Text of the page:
AN AGRIBUSINESS RURAL TECHHUB TO SUPPORT THE LOCAL TECH INNOVATION COMMUNITY
Senegal has a huge potential to create jobs in the agriculture sector, especially in horticulture where the country has an advantage in several factors such as the favorable weather and water conditions, the proximity to European markets with the availability of competitive transport by sea and air or the access to quality inputs. As part of a growth strategy based on ICT and telecom services, the Senegalese agricultural sector has in these last years shown an interest to modernize and take advantage of innovative tools to push the development of farmer incomes and job creation and to reduce crop losses, which significantly affect the income of farmers.
The public institutions need to support these kinds of initiatives and put in practice a national e-agriculture strategy, while the youth need to be empowered and trained to this field. Therefore, the aim of the Senegalese country unit is to respond to this need and create a concrete possibility to
explore the agribusiness sector in Senegal through an innovative perspective, where the youth will be the protagonist of the process and the local stakeholder institutions will be actively involved.
A psychical space and a virtual community
The selected pilot area of intervention is the region around Thiès, east of the capital Dakar and the envisioned platform of innovation is represented by Yeesal AgriHub, founded in 2016. The team has handed in the application documents for Yeesal Agrihub as a legally registered association
with 22 founding members, representing the core multidisciplinary community. With the legal identity, Yeesal will now be able to act as an official partner in collaboration and projects with other stakeholders. Their aim is to develop a synergy among young experts in ICTs and the farmers who practice livestock and agriculture in Senegal, in order to help them develop innovative solutions for the local needs of the community. They alsowant to raise awareness and sensitize the youth about the business possibilities in agriculture through the creation of a network to link them with successful local start-ups and training services.
First areas of interventions
A first needs assessment by the Yesaal members among small hold farmers in early 2016 for the agricultural innovations and services yet to emerge from the agribusiness tech-hub still needs to take place in a strong systematic fashion with more resources. But first indications of problem areas were identified as follows:
- The general situation of the land issues, where lands are abandoned in the countryside while they could very well be exploited by youth who want to practice agribusiness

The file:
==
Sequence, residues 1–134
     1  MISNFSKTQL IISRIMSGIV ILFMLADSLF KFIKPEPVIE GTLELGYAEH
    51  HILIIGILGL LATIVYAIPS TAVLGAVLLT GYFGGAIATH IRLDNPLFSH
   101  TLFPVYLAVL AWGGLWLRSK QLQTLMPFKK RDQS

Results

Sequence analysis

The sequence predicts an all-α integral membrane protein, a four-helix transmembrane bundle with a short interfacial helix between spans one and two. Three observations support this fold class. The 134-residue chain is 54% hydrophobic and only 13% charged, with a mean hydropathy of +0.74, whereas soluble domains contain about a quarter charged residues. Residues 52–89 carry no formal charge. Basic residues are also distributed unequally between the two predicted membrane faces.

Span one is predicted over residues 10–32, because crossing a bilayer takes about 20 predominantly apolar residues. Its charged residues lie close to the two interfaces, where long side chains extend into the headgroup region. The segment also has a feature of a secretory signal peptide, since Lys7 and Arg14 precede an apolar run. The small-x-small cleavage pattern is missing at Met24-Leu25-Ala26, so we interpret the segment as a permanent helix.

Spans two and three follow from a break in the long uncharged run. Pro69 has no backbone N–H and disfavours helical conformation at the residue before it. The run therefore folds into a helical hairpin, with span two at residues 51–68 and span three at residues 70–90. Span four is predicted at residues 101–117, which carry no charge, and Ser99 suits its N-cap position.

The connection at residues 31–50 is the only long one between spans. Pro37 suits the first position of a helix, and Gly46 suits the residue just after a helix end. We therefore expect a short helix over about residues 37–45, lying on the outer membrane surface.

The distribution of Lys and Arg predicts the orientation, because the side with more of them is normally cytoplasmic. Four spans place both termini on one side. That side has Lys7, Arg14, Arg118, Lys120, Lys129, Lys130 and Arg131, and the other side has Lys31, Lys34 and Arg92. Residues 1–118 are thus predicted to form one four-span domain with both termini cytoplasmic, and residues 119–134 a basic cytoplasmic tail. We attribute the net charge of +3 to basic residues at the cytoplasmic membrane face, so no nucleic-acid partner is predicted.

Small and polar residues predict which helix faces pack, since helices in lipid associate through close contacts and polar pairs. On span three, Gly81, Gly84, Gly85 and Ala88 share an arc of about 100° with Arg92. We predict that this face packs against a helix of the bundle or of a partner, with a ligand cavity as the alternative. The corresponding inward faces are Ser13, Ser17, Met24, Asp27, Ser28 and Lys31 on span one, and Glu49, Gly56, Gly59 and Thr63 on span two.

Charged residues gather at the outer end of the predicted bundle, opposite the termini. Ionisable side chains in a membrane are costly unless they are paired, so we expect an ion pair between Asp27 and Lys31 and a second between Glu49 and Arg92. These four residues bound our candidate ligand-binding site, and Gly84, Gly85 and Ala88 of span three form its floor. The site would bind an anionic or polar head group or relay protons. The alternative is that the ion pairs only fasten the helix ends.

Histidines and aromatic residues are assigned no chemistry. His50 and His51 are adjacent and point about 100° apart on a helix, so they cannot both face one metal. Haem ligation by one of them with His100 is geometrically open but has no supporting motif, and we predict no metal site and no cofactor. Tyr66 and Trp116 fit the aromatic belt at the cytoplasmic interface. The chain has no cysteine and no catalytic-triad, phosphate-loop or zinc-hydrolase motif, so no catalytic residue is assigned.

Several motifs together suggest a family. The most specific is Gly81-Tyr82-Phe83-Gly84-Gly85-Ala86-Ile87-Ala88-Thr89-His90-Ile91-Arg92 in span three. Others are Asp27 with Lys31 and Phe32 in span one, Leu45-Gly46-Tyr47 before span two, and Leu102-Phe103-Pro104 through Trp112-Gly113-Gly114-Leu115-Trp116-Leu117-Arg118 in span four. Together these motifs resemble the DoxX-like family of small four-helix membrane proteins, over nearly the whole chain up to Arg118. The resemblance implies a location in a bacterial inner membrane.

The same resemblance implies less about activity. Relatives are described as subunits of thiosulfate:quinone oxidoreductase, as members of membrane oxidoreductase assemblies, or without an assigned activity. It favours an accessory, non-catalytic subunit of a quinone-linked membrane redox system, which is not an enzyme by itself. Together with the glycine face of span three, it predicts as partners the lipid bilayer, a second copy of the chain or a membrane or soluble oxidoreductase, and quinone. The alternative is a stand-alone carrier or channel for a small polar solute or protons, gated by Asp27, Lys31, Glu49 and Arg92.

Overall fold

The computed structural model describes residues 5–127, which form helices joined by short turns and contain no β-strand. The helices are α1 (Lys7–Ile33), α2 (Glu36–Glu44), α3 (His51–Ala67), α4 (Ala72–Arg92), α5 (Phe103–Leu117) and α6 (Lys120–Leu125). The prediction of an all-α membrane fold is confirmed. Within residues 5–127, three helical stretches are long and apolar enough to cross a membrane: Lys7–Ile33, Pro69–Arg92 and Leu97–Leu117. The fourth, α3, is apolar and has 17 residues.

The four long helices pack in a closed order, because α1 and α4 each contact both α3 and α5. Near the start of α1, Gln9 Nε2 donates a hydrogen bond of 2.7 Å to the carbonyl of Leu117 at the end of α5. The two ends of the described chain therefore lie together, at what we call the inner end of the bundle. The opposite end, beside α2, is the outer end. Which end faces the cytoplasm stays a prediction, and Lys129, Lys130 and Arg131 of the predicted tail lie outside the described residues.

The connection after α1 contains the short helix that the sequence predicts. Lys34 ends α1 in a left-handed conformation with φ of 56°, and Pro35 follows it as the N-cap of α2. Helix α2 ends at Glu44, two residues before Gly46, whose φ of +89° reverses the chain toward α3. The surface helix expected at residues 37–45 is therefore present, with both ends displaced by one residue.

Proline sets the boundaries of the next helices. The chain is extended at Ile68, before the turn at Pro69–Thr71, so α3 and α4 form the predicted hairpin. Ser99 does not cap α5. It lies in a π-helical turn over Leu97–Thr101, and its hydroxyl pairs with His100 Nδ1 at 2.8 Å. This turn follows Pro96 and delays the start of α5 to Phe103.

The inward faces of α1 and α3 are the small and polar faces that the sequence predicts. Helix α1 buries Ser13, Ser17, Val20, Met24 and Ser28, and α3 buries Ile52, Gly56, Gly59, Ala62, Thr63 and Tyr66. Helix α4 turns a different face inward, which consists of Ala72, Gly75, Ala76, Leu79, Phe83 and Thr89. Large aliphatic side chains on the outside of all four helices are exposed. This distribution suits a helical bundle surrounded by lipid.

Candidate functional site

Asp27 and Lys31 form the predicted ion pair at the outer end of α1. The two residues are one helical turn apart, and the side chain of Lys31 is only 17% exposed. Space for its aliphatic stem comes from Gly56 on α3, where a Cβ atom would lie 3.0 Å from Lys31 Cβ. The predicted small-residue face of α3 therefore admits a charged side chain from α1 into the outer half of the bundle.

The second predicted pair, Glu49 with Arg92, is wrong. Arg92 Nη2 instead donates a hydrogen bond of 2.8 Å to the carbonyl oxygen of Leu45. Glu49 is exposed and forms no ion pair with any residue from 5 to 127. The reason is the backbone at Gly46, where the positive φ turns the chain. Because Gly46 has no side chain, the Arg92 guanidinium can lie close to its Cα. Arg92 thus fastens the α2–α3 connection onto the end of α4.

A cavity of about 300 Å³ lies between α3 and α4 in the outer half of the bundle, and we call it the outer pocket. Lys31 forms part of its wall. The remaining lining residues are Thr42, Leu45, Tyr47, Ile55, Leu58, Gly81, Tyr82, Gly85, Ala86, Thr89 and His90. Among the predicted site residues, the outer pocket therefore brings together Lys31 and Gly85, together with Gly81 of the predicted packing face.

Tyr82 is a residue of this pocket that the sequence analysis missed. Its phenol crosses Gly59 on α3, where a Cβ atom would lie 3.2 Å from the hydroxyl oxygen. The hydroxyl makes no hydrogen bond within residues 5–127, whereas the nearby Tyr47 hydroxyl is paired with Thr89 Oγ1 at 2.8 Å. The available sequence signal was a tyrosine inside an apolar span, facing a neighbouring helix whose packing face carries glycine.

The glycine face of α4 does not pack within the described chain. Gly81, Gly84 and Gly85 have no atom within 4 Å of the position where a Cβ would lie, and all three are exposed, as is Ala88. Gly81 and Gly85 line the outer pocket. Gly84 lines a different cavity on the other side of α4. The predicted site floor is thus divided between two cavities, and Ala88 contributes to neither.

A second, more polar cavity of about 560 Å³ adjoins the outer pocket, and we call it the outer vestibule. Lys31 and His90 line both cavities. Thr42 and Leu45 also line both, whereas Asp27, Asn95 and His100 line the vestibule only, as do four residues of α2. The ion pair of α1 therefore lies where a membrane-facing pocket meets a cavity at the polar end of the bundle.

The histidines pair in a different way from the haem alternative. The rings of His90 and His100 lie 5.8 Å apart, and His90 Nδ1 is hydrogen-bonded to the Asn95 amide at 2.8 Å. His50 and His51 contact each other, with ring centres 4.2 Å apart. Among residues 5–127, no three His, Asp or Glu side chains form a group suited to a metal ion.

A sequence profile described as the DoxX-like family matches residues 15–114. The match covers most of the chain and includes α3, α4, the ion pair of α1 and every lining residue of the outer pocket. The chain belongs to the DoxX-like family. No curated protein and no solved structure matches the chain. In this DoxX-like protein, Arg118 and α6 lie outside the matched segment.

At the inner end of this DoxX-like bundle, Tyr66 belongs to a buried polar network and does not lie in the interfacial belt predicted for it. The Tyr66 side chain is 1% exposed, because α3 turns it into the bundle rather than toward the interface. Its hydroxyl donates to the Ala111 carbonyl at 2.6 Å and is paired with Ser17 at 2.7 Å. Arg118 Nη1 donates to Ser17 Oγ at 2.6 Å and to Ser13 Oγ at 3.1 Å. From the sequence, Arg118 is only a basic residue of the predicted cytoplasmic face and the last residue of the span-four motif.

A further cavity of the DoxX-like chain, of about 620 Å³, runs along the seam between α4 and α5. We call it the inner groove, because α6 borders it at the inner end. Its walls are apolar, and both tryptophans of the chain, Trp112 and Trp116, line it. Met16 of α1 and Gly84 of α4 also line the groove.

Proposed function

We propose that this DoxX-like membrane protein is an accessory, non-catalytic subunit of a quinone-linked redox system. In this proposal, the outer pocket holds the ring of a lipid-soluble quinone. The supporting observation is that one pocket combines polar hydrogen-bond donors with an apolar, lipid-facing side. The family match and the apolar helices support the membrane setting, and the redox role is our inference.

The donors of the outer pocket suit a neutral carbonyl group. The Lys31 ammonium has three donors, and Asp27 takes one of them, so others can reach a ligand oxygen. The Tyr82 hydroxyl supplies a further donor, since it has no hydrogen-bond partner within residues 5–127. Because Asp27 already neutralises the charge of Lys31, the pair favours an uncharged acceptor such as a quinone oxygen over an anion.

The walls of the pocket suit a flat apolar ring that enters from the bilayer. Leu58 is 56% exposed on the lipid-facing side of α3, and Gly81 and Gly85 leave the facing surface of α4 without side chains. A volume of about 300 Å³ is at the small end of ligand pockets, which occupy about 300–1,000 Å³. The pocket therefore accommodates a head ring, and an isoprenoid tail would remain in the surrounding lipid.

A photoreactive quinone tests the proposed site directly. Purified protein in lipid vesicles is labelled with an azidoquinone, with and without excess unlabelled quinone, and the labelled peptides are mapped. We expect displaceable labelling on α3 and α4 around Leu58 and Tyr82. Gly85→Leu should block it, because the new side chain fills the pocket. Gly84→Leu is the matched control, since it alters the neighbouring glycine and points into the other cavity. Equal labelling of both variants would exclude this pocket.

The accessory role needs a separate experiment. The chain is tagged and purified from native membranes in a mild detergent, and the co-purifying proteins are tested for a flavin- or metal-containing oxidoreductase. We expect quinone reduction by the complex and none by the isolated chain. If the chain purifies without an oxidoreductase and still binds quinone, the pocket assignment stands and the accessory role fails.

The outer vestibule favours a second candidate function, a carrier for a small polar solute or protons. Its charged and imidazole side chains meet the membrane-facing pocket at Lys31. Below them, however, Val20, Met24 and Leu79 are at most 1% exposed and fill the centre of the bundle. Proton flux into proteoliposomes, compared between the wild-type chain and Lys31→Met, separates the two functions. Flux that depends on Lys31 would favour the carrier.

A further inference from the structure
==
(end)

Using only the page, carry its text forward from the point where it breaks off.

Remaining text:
- Organic farming and the lack of information for farmers to use alternative fertilizers and products to grow fruit and vegetable. A place of sensitization and a market of these products are also missing.
- Senegalese people consume imported powder milk at the expense of local fresh milk. There is not a solid value chain of the sector, while there are several breeders around Thiès who could produce and sell milk within the region.
A living network of experts and makers
Several events and activities have been organized in the physical hub and the team is further developing its program for the community, for instance with a summer school on food security together with partner MakeSense and other events and trainings around entrepreneurship and agricultural concepts. They also aim to develop an online community platform providing access to agricultural information to Senegalese youth and representing the virtual space of the Yeesal community. As currently focused next community projects, the team has chosen to further develop a concept for an application as a solution to the aforementioned milk value chain challenge and potentially the development of a market-platform for organic food, requested by a local partner organization.
The Yeesal Agrihub project has within short time garnered a lot of attention through the efficient use of online social media, traditional mass media channels and pro-active networking with local stakeholders both from public, private sector and NGO. Still, the journey has only yet begun – a lot more can be expected from this community driven experiment once it gathers pace.
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